Since its inception, the Seventh-day Adventist church has used the historicist approach to interpret Revelation 13:1–10 and its seven-headed beast as the papacy. If the Church replaced Israel after 34 AD, this means that this ‘True Israel’ altered the biblical Sabbath and introduced a host of false doctrines.

More so, the idea that after the stoning of Stephen, the preaching of the gospel to Jews ceased contradicts not only the history described in the book of Acts, but it also puts the entire defense of the Sabbath in the New Testament in jeopardy. In other words, Adventists use the texts from the book of Acts, such as 13:14–42, 17:2, and 18:4, to demonstrate that after the death of Jesus, His disciples continued to observe the Sabbath. Note that these verses are part of the stories about Paul, who, on all his missionary trips, began his preaching in the synagogues, where he always found Jews, Greek visitors, and proselytes who accepted his message.

Ignoring these facts and insisting that after 34 AD the gospel stopped being preached to the Jews puts the entire Sabbath argument at risk, for it supports the concept that all things ‘Jewish’ were displeasing to God and that God had changed His attitude to the idolatry of the Gentiles.

On the contrary, the evidence from the book of Acts points to the number of Jews who accepted Paul’s message in Thessalonica (Acts 17:1-4), Athens (Acts 17:10–13), and Ephesus (Acts 18:19–20; 19:8–10). In fact, the book of Acts points out that in Athens, Paul’s Jews in the synagogue received Paul much more favorably than the Greeks in Areopagus (Acts 17:19–32).

Even in Corinth, where many Jews from the local synagogue opposed Paul, he had to tell them, “Your blood be upon your own heads; I am clean. From now on, I will go to the Gentiles” (Acts 18:6). He left the synagogue together with Crispus, who was ‘the ruler of the synagogue, and believed in the Lord with all his household’ (Acts 18:8).

This highlights an important fact: in most of the cases described in the book of Acts, the preaching of the gospel in the different cities of the Roman empire began with the Jews and proselytes at the local synagogues. These groups of followers of Jesus functioned as seeds for the further development of the churches in the area. Their understanding of solid principles of study and familiarity with the Hebrew Scriptures was something the Christian leadership in Jerusalem was depending upon.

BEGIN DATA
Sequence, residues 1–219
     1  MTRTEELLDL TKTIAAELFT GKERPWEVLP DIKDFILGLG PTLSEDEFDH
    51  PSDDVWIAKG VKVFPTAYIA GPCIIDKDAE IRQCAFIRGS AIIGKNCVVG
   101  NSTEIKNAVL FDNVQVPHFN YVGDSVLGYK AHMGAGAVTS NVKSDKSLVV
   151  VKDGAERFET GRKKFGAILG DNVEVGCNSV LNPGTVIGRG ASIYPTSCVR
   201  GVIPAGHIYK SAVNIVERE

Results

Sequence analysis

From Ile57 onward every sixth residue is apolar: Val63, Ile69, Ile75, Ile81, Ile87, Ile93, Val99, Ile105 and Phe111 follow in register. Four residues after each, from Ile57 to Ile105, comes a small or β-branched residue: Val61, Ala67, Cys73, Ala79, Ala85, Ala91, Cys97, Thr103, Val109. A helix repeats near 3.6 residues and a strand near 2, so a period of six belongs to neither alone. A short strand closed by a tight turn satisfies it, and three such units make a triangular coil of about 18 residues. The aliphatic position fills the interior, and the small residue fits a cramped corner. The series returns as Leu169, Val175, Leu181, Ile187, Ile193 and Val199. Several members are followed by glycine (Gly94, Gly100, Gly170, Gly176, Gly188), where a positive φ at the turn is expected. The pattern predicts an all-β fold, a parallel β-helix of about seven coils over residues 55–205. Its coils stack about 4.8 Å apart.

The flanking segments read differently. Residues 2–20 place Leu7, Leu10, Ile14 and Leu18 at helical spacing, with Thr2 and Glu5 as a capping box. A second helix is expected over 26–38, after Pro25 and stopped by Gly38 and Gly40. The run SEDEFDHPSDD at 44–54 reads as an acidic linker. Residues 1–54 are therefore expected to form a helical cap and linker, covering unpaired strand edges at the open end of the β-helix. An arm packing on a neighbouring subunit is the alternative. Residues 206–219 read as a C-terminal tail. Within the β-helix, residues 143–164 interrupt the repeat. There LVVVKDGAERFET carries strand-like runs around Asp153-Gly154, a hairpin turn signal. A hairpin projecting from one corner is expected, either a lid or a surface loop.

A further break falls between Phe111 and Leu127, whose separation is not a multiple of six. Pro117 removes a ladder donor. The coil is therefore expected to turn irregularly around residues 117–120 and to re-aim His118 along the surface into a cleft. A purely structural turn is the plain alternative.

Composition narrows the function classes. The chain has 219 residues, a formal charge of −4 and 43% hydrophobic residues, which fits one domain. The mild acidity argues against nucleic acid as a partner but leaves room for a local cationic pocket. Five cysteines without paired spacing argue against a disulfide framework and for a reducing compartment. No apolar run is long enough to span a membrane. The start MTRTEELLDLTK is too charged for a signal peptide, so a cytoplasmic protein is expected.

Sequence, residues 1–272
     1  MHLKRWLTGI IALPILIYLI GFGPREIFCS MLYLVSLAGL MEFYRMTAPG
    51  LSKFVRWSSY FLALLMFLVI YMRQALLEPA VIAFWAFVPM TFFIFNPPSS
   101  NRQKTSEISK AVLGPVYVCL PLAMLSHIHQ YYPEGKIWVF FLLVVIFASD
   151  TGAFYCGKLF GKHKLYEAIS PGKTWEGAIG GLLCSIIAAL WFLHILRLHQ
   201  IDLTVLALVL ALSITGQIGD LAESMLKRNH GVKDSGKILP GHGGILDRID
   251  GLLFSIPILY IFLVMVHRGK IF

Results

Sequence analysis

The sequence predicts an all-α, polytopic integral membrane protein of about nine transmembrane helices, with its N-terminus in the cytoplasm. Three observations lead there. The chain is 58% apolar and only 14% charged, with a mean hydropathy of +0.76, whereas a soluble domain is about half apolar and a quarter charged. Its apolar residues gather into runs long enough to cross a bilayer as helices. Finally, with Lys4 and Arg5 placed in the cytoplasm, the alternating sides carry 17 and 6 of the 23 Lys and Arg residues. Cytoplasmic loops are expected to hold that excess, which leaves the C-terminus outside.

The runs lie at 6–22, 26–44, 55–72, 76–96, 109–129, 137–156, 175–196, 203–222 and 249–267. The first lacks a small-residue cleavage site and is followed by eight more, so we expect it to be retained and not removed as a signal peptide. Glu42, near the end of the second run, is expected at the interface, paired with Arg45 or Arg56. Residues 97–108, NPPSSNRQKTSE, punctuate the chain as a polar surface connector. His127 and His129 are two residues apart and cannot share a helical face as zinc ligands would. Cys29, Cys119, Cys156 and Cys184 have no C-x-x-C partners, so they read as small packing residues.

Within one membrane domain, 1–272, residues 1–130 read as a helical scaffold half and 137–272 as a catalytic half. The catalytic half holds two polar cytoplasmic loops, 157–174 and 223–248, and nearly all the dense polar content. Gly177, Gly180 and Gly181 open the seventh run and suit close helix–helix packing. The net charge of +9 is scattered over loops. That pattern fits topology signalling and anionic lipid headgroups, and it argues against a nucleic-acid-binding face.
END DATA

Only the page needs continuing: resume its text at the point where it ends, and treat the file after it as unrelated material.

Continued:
Therefore, Scripture does not support the interpretation of Daniel 9:24, which many Adventists have used in the past. Jews played a vital role in spreading the gospel outside the borders of Judea. They played a vital role in preserving the knowledge of Hebrew for the past two millennia. They preserved knowledge of the Sabbath when papal persecution had almost entirely wiped out those Christian communities that remained faithful to it.

The 70-week prophecy deals solely with the fact that the mission of the Temple-centered theocratic state of Israel outlined in the Old Covenant and described in Hebrews 8 and 9 is over. This absolutely fails to justify the interpretation that the Jews as a nation should be written off.

The Issue of Israel in the Debate Netween Adventists and Messianic Communities

During the past several decades, especially after the victory in the Six-Day War of 1967 that resulted in Israel gaining control over all of Jerusalem, the popularity of futurism has significantly decreased. These events spurred the emergence of many pro-Israel Christians who have an affinity for and fascination with the Jewish people and culture. Most of these Christians are unaware of the background where the return of the Jews to their land is needed only to bring about the secret rapture of the Church. 45